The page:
If the Senate and governor approve the new bill, Georgia residents who earned $58,000 in 2024 would save another $34 in annual income tax, according to a Georgia Budget & Policy Institute analysis. Those earning $105,000 would save an additional $72, and those earning $183,000 would save $128, according to the institute.
|GEORGIA 2024 INCOME TAX RATE CUTS
|Enacted and Proposed
|Estimated Annual Savings from Tax Rate Cuts
|From 5.75% to 5.49% (Enacted)
|From 5.49% to 5.39% (Proposed)
|Top 1% ($1.87 Million)
|Note: Both tax rate cuts are planned to be effective Jan. 1, 2024.
The state is expected to collect $1.1 billion less in income tax revenues this year if the latest tax rollback is approved.
- HB 1021 increases the state income tax deduction for each child or dependent (including an elder parent) to $4,000 from $3,000. The Georgia Budget & Policy Institute estimated that families will save about $54 per dependent per year through this tax exemption if implemented in fiscal year 2025, which begins July 1, 2024.
The change would cost the state about $152 million in revenues in fiscal year 2025.
- HB 1019 increases the homestead exemption on the assessed value of an owner-occupied home to $4,000 from $2,000. Bill sponsor Rep. Matt Reeves, R-Duluth, noted that tax bills vary according to the assessed value and local tax rates and said that average savings to homeowners in his Gwinnett County district would be about $100.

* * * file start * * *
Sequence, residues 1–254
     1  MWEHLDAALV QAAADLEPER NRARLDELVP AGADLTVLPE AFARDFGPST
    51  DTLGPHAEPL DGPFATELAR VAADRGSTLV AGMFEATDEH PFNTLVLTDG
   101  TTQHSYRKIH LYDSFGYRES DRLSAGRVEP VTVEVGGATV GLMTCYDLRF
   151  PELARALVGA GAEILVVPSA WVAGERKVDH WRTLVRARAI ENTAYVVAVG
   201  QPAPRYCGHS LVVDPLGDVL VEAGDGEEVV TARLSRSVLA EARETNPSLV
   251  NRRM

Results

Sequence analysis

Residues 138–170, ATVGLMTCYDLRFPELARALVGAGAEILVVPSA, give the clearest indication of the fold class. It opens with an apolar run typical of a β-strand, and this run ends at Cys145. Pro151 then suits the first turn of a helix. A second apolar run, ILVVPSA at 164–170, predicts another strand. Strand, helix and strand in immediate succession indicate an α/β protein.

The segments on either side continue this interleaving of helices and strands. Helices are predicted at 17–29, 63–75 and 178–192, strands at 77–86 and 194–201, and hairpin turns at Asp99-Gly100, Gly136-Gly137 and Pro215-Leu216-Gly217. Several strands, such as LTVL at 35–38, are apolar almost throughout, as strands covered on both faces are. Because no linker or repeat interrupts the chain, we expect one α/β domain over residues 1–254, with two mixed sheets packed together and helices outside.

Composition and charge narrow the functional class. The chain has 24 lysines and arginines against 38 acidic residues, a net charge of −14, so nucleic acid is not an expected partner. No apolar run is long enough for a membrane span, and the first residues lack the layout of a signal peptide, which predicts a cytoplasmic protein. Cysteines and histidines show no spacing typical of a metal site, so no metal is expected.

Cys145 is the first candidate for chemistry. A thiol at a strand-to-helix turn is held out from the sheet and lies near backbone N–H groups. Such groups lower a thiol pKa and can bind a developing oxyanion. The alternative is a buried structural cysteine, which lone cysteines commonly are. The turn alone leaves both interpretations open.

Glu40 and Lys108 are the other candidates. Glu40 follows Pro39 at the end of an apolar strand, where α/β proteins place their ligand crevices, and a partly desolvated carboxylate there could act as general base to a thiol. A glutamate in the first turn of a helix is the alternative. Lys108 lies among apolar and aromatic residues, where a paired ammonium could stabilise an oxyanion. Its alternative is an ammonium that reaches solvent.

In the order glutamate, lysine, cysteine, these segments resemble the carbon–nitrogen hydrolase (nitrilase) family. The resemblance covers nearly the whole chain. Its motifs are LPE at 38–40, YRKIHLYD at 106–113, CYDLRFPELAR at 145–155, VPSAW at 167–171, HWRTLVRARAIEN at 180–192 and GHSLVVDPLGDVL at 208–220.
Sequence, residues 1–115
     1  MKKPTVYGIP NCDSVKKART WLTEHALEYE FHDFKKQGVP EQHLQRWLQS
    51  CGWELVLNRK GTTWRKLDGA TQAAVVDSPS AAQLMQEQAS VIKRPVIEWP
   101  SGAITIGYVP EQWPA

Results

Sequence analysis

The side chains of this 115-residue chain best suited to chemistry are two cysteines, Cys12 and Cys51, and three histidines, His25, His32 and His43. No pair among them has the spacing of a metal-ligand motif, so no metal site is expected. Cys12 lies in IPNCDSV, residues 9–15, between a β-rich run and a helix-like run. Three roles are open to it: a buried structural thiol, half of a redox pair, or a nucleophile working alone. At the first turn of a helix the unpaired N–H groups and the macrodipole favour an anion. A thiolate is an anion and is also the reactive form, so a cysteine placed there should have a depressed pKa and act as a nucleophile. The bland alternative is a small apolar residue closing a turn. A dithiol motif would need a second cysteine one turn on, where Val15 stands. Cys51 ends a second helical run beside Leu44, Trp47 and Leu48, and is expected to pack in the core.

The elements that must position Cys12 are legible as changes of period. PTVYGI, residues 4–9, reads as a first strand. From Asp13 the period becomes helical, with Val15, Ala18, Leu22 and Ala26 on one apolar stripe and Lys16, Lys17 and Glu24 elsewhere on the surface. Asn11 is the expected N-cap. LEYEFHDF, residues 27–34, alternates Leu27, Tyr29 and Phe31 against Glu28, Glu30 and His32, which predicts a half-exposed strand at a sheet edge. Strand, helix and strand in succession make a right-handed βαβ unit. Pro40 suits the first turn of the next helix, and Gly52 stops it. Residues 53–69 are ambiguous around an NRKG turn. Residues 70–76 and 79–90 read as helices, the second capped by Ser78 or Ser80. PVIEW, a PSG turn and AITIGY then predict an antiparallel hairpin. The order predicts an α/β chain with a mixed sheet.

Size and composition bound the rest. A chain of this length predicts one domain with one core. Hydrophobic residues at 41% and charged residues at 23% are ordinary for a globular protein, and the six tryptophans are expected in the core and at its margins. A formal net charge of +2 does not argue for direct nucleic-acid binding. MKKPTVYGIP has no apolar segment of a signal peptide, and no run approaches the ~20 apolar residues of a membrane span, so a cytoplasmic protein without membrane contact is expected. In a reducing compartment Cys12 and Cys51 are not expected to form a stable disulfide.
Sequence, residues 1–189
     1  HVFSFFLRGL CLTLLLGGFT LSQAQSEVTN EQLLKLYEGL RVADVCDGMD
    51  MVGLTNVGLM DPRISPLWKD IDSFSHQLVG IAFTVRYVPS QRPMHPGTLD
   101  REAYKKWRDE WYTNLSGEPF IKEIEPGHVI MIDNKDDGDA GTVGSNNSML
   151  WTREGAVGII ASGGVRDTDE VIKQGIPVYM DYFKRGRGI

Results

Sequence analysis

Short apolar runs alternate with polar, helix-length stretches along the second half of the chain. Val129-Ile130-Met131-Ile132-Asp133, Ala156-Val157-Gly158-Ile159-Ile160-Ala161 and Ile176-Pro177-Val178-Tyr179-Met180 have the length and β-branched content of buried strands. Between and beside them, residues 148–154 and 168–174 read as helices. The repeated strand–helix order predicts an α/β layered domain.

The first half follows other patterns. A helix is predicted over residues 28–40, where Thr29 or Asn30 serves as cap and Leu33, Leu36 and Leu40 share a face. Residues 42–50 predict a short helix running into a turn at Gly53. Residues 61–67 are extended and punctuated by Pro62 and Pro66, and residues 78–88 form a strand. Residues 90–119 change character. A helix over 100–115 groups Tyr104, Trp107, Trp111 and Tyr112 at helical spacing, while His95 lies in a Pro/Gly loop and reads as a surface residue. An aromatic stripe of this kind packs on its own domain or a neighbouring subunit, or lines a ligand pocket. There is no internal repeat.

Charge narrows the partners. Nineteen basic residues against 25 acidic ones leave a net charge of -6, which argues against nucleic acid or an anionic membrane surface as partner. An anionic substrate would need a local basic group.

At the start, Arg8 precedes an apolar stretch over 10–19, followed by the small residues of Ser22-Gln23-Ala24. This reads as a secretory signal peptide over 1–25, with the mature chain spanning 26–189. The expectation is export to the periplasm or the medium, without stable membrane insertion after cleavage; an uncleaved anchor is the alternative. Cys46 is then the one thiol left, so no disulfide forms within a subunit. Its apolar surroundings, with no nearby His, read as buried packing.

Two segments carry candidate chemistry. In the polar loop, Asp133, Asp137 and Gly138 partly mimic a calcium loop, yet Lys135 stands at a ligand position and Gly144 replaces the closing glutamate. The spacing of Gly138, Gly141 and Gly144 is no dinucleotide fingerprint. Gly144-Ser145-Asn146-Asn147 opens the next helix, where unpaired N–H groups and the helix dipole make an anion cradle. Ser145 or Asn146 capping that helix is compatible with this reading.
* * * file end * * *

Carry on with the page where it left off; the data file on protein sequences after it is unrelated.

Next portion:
Meanwhile, the Senate passed a competing bill that would prohibit local governments from raising home property assessments more than 3% a year. Senate Bill 349, sponsored by Sen. Chuck Hufstetler, is now under consideration in the House.
Both bills to change how residential property taxes are calculated would require a majority two-thirds vote in both chambers and voter approval through a state referendum in November.
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Bills to track illegal immigrants, oust squatters, boost film industry make the cut on Crossover Day
A controversial religious freedom bill cleared the Senate Thursday despite heavy criticism from some lawmakers who said the bill would open “the floodgates to discrimination” against the LGBTQ+ community.
Senate Bill 180 was among dozens of bills Thursday that will now face another round of discussions and debates in the opposite chamber. SB 180 now heads to the House.
It’s part of the Georgia legislature’s midsession ritual known as “Crossover Day,” the last chance for bills to pass at least one chamber in the General Assembly. A succession of bills underwent rapid-fire discussion, debate and votes throughout the day.
Here’s a look at some of the bills that have made it across on Leap Day and a few that emerged as wildcards.
What happened in the House
COURTS and PUBLIC SAFETY